December 7, 2006 by jimstogdill
Not too long ago I ran across Plazes and signed up out of curiosity. We do work with a strong geo-spatial element but most of our work relies on GPS. What I thought was interesting about Plazes was that it relies on network signatures to identify location. If you are the first person to log in from a location, it gives you the opportunity to accurately geo-tag the location by either address lookup, manual entry of lat/log, or manual placement on a map. Once that network location has been geo-tagged it becomes visible on a Plazes map and if another Plazes user arrives their accurate location will be broadcast to other users.
I was in NYC last week and I noticed that, even though I hadn’t geo-tagged my location (I was staying with a friend and didn’t particularly want to publicize the address), Plazes was showing me as within a few blocks of my actual location. Presumably they were using the router at the local cable company head end as my location. If I were using a Symbian-based cell device it would be able to place my position frequently as I transited from cell tower to cell tower rather than waiting for me to jack in or connect to a hot spot.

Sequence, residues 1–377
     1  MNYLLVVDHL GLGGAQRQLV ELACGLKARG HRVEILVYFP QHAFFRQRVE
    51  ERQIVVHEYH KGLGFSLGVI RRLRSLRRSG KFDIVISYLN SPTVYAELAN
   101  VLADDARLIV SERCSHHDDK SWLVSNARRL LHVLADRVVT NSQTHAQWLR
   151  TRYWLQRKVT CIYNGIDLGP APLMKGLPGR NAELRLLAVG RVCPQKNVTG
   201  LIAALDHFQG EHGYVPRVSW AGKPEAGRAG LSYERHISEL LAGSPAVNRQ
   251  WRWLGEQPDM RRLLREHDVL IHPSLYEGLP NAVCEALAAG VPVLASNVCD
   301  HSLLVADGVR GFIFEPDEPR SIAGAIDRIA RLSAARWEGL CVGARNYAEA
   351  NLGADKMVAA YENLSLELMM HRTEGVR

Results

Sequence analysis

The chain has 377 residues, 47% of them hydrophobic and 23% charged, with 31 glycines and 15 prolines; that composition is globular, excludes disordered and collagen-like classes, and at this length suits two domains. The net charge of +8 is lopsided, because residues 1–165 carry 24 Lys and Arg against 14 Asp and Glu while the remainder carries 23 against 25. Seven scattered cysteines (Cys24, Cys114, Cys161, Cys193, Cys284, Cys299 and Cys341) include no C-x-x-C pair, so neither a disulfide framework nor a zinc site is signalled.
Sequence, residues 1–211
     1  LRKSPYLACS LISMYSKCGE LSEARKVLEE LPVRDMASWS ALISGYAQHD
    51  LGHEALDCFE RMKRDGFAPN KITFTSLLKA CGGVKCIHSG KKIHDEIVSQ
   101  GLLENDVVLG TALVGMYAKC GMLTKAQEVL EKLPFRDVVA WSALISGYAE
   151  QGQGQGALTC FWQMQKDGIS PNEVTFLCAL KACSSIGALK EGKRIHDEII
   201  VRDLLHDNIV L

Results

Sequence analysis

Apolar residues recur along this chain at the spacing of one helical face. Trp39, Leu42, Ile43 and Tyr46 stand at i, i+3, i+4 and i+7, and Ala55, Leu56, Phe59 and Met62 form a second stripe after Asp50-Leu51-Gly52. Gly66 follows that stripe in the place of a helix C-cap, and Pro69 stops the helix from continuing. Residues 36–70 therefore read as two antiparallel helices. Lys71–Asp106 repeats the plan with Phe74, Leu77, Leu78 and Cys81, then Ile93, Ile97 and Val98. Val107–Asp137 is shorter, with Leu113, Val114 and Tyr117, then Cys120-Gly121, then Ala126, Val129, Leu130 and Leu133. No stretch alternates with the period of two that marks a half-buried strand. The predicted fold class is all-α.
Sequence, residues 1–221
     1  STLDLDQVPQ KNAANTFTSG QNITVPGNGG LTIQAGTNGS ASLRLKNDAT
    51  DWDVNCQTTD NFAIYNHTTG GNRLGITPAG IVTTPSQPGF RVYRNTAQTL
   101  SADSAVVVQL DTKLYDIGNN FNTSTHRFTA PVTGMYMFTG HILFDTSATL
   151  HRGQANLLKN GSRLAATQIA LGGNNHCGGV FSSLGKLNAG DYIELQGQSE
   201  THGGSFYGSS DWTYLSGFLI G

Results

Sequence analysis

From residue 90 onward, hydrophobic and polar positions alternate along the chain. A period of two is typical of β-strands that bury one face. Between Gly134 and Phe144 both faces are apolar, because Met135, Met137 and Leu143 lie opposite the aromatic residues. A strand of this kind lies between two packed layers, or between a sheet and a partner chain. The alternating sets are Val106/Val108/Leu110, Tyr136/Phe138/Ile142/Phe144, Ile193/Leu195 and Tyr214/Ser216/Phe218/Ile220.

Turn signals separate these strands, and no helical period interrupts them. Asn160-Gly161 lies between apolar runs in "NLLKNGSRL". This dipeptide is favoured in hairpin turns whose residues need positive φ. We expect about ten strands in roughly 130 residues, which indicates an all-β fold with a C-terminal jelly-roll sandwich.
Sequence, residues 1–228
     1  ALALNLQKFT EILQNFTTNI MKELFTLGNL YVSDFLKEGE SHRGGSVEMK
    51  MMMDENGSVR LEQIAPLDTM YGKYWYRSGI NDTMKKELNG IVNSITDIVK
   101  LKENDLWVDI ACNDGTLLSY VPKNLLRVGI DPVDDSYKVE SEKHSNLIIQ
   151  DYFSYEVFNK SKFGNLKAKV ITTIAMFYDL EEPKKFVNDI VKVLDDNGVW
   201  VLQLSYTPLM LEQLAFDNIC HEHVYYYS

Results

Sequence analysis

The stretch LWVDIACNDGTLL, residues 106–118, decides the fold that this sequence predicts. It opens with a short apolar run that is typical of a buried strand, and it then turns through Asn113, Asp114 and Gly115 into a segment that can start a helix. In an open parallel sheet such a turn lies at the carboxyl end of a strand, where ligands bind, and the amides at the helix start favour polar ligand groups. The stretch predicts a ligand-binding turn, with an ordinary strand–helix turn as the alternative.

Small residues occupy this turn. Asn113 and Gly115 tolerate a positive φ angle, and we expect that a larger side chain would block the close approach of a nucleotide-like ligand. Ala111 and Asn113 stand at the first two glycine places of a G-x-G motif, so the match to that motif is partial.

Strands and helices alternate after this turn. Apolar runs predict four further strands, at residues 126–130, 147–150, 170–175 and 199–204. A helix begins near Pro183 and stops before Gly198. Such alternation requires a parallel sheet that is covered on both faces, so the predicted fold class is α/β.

I like Plazes and think of it as a simple way to let my co-workers know which of our many offices I am working in that day so they can find me. As it grows (if it does) it will also be a nice way to find open Wi-Fi hot spots or add a geo-proximity element to social networking. But frankly, it is also a little bit creepy. Even though I can control it I keep wondering if someday I’ll forget to turn it off (it runs an agent on my laptop) when I should. It is bad enough to get “mapped” in Second Life, but services like this make it possible (and likely) in the real world too. Will there come a day when I’m in a coffee shop and the sales guy that has been calling me just happens to show up at the next table?
In a different but related development, Web-Ex has started providing an “activity map” that shows where their current users are in the real world based on the same type of network-signature-based locating. Companies such as Quova are providing this new “IP Intelligence” technology for their customers in a number of industries. Think of it as geo-tagged caller id (or Plazes with no on-machine agent required) that can be used for fraud identification, regional content customization, and other uses where reasonably accurate geography is important. The location data is derived from the originating IP address of every HTTP Get to a Quova-enabled web site.
Since Plazes relies on an agent that I control I can turn it off at any time. However, Quova only needs you to hit a web site that they are providing the service for. What happens if they take off and are providing that service for many of the high traffic web sites on the web? They are then in the position to broadly aggregate position data on huge numbers of people without the individual’s knowledge. I already carry a cell phone that generates a large number of cell hop records in a telecom database. I use EZ Pass so the DoT knows where I drive a disturbing amount of time (and how fast I go). Services like Quova can fill in all the gaps in between to the point where being connected means being located.